Too Close to the Falls: A Memoir Paperback – Oct 1 1999
Frequently Bought Together
Customers Who Bought This Item Also Bought
No Kindle device required. Download one of the Free Kindle apps to start reading Kindle books on your smartphone, tablet, and computer.
To get the free app, enter your e-mail address or mobile phone number.
From Publishers Weekly
Now a successful clinical psychologist with a monthly advice column in the popular Canadian magazine Chatelaine, Gildiner tells of her childhood in 1950s Lewiston, N.Y., a small town near Niagara Falls, in this hilarious and moving coming-of-age memoir. Deemed hyperactive by the town's pediatrician, at age four Gildiner was put to work at her father's pharmacy in an effort to harness her energy. Her stories of delivering prescriptions with her father's black deliveryman, Roy, are the most affecting parts of this book, with young Cathy serving as map reader for the illiterate but streetwise fellow, who acted as both protector and fellow adventurer. In a style reminiscent of the late Jean Shepherd, Gildiner tells her tales with a sharp humor that rarely misses a beat and underscores the dark side of what at first seems a Norman Rockwell existence. Mired in a land dispute, the local Native American population has a chief who requires sedatives to subdue his violent moods. Meanwhile, the feared "monster" who maintains the town dump is simply afflicted with "Elephant Man" syndrome. And Cathy's mother--with her intellectual preoccupations and aversion to housework and visiting neighbors--is an emblem of prefeminist frustration. The book's vaunted celebrity dish--Gildiner delivered sleeping pills to Marilyn Monroe on the set of Niagara--pales in comparison to such ordinary adult pathos. By book's end, Cathy, too, gets her share, as beloved Roy mysteriously exits and an entanglement with a confused young priest brings her literally and figuratively "too close to the falls."
Copyright 2001 Cahners Business Information, Inc.
From Library Journal
Clinical psychologist Gildiner's well-crafted memoir describes her 1950s childhood in Lewiston, "a small town in western New York, a few miles north of Niagara Falls." Hers was no ordinary childhood but that of a precocious, headstrong, and intelligent girl whose parents provided a uniquely unconventional upbringing. Because of her lively temperament, her pediatrician recommended to her older and devoutly Catholic parents that she work in her father's pharmacy to channel her energies. Thus, at the age of four, she was teamed with a black male employee to deliver prescription drugs when not in school. She had a wide range of experiences with her co-worker, stopping in bars and making deliveries to both the wealthiest and the poorest members of the community. In each eventful chapter, Gildiner focuses on a particular adult who strongly influenced her understanding of the world. Often dangerous, her experiences, as related here, are also amusing, charming, and relevant. Highly recommended.DSue Samson, Univ. of Montana Lib., Missoula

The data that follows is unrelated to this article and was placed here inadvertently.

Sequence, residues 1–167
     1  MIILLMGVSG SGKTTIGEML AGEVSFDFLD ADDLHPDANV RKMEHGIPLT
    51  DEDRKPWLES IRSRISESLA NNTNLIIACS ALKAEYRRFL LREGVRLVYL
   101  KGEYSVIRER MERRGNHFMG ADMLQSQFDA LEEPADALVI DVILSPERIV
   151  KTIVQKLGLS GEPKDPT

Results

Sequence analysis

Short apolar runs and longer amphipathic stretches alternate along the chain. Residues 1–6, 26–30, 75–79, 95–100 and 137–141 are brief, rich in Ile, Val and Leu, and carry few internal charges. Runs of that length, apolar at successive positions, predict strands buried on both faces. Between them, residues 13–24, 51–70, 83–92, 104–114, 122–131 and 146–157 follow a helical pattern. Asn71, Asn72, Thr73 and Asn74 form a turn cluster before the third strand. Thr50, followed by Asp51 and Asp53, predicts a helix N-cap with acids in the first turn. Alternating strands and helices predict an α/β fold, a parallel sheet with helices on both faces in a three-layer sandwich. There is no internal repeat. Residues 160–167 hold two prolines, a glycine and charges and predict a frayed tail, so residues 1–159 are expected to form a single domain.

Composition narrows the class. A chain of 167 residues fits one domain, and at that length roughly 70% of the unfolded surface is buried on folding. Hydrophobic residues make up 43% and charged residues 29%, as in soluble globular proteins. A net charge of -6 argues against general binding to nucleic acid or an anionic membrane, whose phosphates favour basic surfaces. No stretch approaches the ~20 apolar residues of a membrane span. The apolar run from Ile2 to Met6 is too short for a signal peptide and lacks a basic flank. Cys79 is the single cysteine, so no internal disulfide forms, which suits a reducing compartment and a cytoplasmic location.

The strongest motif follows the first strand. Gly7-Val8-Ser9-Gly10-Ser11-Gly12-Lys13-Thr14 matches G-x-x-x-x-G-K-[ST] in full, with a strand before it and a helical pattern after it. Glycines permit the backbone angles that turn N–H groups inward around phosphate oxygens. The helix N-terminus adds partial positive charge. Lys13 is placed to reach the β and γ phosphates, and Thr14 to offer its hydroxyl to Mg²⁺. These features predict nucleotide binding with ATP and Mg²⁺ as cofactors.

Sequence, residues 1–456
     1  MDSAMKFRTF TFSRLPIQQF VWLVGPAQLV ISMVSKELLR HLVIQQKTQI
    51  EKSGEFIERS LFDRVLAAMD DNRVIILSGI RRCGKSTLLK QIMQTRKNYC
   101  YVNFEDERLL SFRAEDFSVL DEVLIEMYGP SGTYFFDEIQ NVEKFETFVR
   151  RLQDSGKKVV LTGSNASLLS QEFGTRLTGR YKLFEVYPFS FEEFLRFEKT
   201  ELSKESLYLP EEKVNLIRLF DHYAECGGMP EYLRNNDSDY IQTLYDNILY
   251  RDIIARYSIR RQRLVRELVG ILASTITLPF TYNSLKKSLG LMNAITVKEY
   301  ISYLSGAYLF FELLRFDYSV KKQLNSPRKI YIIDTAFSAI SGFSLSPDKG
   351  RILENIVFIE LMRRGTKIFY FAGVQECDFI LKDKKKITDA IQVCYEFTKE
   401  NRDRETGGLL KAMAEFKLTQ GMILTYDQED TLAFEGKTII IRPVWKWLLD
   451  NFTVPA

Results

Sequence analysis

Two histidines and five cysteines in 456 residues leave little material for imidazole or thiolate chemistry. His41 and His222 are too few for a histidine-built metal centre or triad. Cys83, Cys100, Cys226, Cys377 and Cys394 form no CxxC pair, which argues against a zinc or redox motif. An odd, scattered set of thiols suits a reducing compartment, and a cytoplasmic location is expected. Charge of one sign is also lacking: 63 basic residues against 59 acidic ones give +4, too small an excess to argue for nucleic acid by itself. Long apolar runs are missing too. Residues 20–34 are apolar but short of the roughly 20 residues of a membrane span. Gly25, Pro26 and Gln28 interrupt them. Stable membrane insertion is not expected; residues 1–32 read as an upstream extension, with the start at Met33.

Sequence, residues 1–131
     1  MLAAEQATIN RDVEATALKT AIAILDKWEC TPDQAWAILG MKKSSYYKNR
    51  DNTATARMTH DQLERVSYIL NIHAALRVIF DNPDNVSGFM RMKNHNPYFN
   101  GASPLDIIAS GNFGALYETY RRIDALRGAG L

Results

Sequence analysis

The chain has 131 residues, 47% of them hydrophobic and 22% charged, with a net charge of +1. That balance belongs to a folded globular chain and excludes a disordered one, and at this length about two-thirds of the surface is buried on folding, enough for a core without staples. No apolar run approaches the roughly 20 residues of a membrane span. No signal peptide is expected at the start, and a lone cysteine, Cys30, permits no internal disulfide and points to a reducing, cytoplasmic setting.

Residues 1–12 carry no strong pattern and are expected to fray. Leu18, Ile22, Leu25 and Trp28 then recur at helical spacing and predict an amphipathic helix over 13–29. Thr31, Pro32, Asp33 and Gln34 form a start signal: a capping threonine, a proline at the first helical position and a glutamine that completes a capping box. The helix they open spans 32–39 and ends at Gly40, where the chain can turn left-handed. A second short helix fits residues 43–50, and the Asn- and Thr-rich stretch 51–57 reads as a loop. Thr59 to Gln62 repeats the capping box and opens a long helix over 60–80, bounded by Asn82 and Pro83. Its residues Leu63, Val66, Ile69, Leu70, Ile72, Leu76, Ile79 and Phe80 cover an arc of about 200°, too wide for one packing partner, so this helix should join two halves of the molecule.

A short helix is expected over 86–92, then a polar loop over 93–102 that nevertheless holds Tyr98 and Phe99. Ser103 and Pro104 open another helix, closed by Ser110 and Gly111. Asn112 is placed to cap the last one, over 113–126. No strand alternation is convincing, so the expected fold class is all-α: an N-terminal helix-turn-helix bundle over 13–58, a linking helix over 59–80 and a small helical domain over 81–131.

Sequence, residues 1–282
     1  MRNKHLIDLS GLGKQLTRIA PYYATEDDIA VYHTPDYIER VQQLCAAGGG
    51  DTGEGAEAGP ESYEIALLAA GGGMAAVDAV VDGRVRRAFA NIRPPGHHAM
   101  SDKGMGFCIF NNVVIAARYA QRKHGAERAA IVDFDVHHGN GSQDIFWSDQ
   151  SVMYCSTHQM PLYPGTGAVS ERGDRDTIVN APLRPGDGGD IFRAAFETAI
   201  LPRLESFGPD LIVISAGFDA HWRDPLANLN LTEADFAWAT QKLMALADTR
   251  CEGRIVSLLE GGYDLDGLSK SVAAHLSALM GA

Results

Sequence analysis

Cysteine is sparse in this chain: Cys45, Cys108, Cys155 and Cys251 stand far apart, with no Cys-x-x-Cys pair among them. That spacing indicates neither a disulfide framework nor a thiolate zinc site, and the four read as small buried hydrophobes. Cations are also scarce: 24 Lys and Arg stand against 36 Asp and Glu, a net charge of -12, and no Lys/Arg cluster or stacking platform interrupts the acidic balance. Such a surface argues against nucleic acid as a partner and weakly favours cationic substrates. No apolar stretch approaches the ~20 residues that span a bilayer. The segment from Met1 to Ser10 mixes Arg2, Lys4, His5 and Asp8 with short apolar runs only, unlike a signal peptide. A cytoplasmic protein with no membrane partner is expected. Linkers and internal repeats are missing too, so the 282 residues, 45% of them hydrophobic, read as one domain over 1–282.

Copyright 2001 Reed Business Information, Inc.
What Other Items Do Customers Buy After Viewing This Item?
Top Customer Reviews
Unfortunate, too, are the last few chapters. They come as a letdown to an otherwise thoroughly engaging memoir. Ms. Gildiner deserved far better treatment. One can only hope that her next publisher/next editor will do the job right.
I grew up in Toronto not too far from Lewiston (and Niagara) as the crow flies, during the same time period. Reading her book triggered many similar memories of my youth. As an example, I remember visiting Niagara Falls while some outdoor pieces of the movie set used in "Niagara" were still in place (the motel). I'm glad she has such a good memory.
I heard Catherine being interview on CBC radio. After the interview I ordered a copy of both her biographical books from Amazon. I was not disappointed.
Shallow Lake, Ontario
The fault I find is her attempt to capture the innocent's POV so many years later while relating details which would have had little meaning to a child but which the author must explain to make the story meaningful.
The author is of my generation and the references she makes ring true. But that they were experienced by one so young ( age four to eight for much of the tale ) is difficult to imagine. The nub of her story is her early bestriding of the child/adult worlds enabled by her unconventional parents. Her mother in particular stands out as a work of fancy rather than reality. She strikes me as tragi-comical, a combination of Blanche Dubois and June Cleaver.
The sequel should prove easier to accept, as Catherine's life as teenager should be free of the aforementioned drawbacks.
Most recent customer reviews
This book was very funny and being a Catholic girl it hit close to the bone. The character development was great and they were so colorful you could see them come to life. Read morePublished 16 months ago by Arthur R. Hill
I have given this book away so many times. It is a rare gem.Published 18 months ago by Northern Exposure
This was an amazing story, just unbelievable, the girl was so smart and old for her age, and the way her parents were bringing her up was so different, especially for the times, I... Read morePublished 22 months ago by dorothy bain
I grew up in central NYS at about the same time as Catherine, so the setting is familiar, the characters and stories touching and hilarious. Read morePublished on Nov. 22 2013 by Kathy Purc
This was a skillfully crafted memoir describing a highly unusual childhood, yet with plenty of moments that the reader can relate to personally.Published on Nov. 23 2012 by Clare Wiggill